Aren’t you ashamed of yourself?
Most of us can still remember those words of admonishment from our mothers years ago. And many of us berate our kids with that phrase now.
When what we do is bad — when we violate the Golden Rule — the innate sense of shame that all normal people have can lead us back to ethical behavior. This normal human emotion can bring us to maturity in our actions.
But many of us are ashamed of who we are or the diseases we have. We feel shame about the physical condition of our bodies.
Many of us who have diabetes are more in tune with our minds than our bodies. We are “not athletic.” Many of us will frankly acknowledge that we are “into our heads.”
Now its clear that we can’t have a good head on our shoulders without having good shoulders and all. Our diabetic body will give us a diabetic mind — if we let it. And when we control our diabetes, not only our bodies but also our brains work better.
A diabetic body has high blood glucose. When we succeed in bringing our blood glucose level down to normal, our bodies aren’t diabetic any more. When our diabetes is controlled, it may not be cured, but it’s certainly in such remission that no tests would show that it’s diabetic.
You need to help me a lot with this one.
All of you who read my articles here are motivated to control your diabetes. Almost all of you have a positive motivation. I doubt if many of you have a primarily negative motivation based on fear of the consequences of uncontrolled diabetes. Negative motivations just don’t keep us doing what we need to do for long.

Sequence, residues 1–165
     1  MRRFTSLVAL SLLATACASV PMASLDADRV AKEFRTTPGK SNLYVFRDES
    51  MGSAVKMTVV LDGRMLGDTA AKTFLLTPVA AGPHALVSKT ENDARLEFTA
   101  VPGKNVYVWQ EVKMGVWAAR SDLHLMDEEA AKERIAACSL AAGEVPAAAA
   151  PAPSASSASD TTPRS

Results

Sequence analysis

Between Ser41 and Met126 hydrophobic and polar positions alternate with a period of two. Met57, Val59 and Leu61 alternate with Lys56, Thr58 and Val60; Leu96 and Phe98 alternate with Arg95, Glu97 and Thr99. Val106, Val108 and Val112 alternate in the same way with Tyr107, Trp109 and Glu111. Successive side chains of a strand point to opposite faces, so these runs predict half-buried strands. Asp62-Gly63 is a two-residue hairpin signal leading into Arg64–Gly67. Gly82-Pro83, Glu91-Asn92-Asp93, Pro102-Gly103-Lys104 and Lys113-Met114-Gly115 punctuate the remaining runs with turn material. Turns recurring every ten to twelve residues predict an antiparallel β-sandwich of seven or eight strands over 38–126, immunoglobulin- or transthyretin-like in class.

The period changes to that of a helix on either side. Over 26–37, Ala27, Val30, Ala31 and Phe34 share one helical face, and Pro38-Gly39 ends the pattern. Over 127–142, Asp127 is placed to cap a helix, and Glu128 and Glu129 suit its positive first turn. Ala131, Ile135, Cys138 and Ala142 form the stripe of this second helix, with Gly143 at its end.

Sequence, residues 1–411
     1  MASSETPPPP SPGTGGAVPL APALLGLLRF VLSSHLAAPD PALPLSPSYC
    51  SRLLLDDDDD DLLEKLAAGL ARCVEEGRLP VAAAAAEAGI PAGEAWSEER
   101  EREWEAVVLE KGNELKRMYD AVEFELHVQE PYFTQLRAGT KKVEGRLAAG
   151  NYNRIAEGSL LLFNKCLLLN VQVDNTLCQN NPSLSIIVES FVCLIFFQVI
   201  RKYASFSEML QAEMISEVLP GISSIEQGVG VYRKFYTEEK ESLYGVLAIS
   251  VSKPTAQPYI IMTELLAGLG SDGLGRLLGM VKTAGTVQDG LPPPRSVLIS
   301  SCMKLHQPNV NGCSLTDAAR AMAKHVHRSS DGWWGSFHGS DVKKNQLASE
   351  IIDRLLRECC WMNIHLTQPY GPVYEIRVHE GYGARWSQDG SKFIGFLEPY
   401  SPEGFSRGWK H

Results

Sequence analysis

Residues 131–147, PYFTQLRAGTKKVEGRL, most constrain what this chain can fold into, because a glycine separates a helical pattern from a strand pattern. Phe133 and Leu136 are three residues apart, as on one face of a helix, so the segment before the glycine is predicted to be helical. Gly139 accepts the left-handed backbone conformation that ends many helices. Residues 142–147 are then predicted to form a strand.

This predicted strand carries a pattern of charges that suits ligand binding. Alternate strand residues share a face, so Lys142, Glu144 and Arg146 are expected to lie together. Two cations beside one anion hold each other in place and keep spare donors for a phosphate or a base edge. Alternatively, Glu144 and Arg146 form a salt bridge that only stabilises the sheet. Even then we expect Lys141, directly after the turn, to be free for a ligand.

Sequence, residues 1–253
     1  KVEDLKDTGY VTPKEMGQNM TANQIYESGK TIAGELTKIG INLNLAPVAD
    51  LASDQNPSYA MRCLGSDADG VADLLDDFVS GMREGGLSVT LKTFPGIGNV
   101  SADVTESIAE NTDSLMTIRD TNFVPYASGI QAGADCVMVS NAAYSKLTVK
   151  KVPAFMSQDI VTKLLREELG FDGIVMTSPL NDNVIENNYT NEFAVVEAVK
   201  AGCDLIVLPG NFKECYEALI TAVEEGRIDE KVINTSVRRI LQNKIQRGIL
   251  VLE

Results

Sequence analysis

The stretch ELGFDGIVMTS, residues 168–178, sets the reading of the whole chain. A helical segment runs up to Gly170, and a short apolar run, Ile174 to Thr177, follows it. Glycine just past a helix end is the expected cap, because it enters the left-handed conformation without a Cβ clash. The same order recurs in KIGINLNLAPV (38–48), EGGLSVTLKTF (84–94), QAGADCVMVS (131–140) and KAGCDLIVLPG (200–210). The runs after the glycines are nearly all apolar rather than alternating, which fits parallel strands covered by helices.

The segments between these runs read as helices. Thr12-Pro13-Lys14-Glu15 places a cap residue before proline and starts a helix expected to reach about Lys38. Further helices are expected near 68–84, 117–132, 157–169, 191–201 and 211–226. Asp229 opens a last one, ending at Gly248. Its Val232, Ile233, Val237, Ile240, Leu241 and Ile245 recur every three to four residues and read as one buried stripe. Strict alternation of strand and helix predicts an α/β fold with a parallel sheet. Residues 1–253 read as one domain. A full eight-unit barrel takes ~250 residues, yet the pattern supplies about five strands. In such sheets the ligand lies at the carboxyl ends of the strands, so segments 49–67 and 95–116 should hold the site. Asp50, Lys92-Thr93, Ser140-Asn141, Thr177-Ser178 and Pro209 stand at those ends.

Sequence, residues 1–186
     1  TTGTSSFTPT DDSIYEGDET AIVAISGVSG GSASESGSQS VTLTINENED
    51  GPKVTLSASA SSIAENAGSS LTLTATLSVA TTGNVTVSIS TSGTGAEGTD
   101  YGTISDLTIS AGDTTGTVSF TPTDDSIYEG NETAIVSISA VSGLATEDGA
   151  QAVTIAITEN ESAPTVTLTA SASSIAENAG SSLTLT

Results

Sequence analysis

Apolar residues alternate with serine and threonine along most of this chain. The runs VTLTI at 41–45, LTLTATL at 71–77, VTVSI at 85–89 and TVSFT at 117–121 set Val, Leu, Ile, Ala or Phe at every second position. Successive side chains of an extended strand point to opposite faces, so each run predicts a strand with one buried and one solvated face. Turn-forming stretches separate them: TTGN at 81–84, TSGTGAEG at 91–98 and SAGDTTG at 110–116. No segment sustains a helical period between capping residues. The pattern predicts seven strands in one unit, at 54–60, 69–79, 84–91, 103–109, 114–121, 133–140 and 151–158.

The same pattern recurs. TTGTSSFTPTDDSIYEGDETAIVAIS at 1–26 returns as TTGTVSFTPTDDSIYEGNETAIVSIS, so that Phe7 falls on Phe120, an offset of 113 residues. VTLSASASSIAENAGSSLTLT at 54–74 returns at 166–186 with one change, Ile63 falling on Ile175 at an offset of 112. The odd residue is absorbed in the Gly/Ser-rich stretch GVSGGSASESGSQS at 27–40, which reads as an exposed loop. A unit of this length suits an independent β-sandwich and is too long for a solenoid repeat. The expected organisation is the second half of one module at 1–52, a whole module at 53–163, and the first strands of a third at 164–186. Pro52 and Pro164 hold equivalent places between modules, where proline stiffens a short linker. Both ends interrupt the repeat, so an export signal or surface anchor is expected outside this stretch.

What are your positive motivations? What do you tell people you know who have diabetes to encourage them to tame it?
Those of us who have diabetes pay a physical cost for it that we know all too well. But many of us aren’t aware of the social cost that we pay for being overweight, which usually accompanies our diabetes.
Fat prejudice is even more subtle than our society’s racial and gender biases and those against and gays and lesbians. Our most recent prejudice, of course, is that against those of the Muslim faith from the Middle East, and that prejudice is anything but subtle. Now, however, social scientists know how to measure fat prejudice.
Vitamin D testing has been in the news lately. But the mainstream press covered only the bad news. You would have to read the medical press to learn about better choices.
The country’s largest medical laboratory, Quest Diagnostics, just sent out thousands of letter to doctors who ordered Vitamin D tests for their patients. The letters say that results of their Vitamin D tests during the past two years are “questionable.” Quest’s screw up could mean that thousands of people aren’t taking vitamin D supplements when they should.
Testing our levels of vitamin D has surged recently because of studies suggesting that too little can raise the risk of all sorts of complications. More and more recent studies link a vitamin D deficiency to diabetes. Other studies link it to bone weakness, cancer, heart attacks, and other illnesses.
A study in the January issue of The American Journal of Clinical Nutrition is the first one ever to examine how walking by itself can help us keep the weight off for the long term. Since almost all of us with type 2 diabetes struggle with our weight, this is a key part of controlling it.
Walking may or may not be more beneficial for us that other forms of physical activity. That’s not what the study was about. Rather, for most people walking is the least expensive and most readily available way to get the exercise that we all need.
The study monitored almost 5,000 men and women for 15 years. Walking works.